BRIAN BETHUNE April 24 2006


BRIAN BETHUNE April 24 2006



A new book reveals more than 40 plots, some of which came heartbreakingly close


More than any of his modern peers in mass slaughter—Stalin, Mao, Pol Pot—Adolf Hitler has always inspired dreams of assassination, powerful what-if fantasies that add up to: if only someone had shot him in time. It’s the inescapable adjunct to the fact that Hitler was the single most influential individual of the 20th century. Without him, it’s easy to imagine that the unparalleled death and destruction the Third Reich unleashed would never have occurred. Even during his early career, when most of the horror was yet to come, the longing for Hitler’s death was strong. And, as Roger Moorhouse’s informative and ultimately sad account Killing Hitler (Random House) shows, there were far more assassination attempts than most people realize. Historians have uncovered more than 40 plots, half of them serious, and a handful that came heartbreakingly close.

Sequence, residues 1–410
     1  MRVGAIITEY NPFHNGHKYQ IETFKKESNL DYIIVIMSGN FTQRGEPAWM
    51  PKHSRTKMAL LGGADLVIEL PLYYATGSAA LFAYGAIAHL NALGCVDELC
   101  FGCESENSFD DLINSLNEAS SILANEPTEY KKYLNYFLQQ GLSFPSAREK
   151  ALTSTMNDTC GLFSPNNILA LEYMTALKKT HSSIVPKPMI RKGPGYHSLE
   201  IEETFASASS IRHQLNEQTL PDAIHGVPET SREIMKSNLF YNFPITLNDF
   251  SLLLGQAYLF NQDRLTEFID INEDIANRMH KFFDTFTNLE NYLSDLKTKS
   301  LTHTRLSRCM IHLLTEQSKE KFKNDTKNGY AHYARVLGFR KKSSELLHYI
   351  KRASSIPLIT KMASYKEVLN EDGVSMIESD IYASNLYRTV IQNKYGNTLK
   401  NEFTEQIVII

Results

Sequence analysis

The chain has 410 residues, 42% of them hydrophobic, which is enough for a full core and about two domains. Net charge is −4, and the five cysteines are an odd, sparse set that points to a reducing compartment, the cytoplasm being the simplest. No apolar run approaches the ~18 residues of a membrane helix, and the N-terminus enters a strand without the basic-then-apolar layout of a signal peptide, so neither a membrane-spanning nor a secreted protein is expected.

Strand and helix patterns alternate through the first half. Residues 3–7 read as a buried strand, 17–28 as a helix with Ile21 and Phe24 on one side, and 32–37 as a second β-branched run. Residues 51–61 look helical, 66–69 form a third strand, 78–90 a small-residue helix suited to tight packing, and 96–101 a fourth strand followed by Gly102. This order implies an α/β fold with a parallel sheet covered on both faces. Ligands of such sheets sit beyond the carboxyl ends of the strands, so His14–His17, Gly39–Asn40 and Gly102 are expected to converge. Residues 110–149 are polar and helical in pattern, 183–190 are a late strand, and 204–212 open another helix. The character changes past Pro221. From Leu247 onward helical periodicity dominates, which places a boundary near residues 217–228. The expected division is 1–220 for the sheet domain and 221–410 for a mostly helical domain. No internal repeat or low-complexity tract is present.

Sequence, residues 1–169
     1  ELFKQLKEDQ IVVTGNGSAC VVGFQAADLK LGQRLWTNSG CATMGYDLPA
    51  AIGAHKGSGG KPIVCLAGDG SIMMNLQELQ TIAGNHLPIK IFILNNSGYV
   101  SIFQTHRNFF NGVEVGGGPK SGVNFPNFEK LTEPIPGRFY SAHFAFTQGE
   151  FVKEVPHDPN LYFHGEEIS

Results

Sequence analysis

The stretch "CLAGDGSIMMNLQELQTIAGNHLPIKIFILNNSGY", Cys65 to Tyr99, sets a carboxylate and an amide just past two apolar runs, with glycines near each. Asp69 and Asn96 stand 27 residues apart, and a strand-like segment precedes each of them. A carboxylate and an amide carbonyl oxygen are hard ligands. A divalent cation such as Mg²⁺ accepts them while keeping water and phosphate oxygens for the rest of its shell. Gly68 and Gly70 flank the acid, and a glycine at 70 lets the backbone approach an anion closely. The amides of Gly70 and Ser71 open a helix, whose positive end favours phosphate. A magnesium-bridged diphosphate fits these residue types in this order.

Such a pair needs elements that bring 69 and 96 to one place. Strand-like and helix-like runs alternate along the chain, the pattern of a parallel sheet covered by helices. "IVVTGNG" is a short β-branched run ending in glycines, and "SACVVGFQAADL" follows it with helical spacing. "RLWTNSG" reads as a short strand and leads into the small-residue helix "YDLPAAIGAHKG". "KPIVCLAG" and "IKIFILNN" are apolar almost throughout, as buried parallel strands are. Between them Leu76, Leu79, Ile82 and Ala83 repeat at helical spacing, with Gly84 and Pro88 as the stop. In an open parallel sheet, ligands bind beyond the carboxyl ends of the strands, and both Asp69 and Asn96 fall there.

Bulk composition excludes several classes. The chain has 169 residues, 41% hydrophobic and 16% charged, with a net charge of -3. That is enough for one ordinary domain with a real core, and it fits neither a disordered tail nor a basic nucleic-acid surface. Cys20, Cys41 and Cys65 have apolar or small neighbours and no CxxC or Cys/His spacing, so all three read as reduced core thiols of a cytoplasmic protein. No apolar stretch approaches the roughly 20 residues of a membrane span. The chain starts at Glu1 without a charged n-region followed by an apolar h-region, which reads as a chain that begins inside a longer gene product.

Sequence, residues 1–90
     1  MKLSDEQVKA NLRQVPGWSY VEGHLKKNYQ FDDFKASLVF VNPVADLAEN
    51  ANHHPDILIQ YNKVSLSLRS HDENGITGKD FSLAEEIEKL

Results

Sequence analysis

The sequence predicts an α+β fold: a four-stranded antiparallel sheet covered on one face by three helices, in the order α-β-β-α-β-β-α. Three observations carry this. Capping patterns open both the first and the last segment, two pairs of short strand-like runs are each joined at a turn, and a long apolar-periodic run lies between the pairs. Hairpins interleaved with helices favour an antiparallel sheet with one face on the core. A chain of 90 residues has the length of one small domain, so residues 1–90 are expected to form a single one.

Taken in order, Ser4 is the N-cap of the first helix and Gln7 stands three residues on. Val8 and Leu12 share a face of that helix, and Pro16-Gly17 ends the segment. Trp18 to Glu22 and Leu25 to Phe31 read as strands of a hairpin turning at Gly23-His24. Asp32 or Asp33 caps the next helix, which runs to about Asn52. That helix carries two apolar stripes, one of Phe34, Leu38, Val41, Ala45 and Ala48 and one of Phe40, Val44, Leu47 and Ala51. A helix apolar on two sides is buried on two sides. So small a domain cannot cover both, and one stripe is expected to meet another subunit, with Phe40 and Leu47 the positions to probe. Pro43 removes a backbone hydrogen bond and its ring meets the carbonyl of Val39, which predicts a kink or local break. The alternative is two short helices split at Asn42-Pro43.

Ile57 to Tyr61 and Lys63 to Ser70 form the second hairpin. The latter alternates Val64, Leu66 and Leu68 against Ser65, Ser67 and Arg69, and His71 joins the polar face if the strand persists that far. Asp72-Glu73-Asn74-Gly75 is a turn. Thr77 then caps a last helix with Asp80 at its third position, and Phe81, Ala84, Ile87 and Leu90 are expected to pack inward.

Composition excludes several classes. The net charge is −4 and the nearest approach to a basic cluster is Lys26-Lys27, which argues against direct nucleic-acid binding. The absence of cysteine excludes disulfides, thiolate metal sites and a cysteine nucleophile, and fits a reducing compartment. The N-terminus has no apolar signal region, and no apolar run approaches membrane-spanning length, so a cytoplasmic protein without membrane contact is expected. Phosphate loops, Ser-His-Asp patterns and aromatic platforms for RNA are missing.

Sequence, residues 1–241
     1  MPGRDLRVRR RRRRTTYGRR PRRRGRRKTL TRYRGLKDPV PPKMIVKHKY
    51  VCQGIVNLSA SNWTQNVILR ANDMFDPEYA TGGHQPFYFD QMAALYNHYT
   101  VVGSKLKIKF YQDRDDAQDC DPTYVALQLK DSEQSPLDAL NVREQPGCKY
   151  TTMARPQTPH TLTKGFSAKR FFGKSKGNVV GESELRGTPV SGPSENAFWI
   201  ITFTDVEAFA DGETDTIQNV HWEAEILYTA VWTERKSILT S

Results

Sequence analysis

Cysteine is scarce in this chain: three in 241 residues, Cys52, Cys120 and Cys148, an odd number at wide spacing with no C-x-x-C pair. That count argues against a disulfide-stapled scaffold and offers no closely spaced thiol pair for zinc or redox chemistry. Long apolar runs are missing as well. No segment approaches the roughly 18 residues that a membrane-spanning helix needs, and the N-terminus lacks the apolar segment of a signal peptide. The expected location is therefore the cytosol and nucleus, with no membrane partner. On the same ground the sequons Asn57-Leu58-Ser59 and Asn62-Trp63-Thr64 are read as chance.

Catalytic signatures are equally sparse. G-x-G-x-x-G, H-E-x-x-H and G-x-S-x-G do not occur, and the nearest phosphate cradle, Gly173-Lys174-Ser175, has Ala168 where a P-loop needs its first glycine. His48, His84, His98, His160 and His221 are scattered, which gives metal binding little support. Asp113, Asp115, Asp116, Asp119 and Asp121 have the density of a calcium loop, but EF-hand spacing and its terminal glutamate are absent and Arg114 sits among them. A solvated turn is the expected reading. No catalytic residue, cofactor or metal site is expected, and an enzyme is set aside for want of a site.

Hitler, of course, had the luck, and from the very beginning. He survived four years of the Great War, a charnel house that consumed eight million other soldiers. In the

abortive, comic-opera Beer Hall Putsch of 1923, Munich police shot dead the man beside him: a few inches the other way, and the future führer would barely merit a footnote in history books. Later on, Hitler would change his plans just as his assailants were poised to strike, or they would demonstrate a frustrating, last-minute ineptitude. But just maybe, some historians argue, it was all for the best—at least once the tide of war had turned against the Nazis, despite the millions of deaths in its later stages. After Hitler had reached the pinnacle of his success—and simultaneously begun the process of Ger-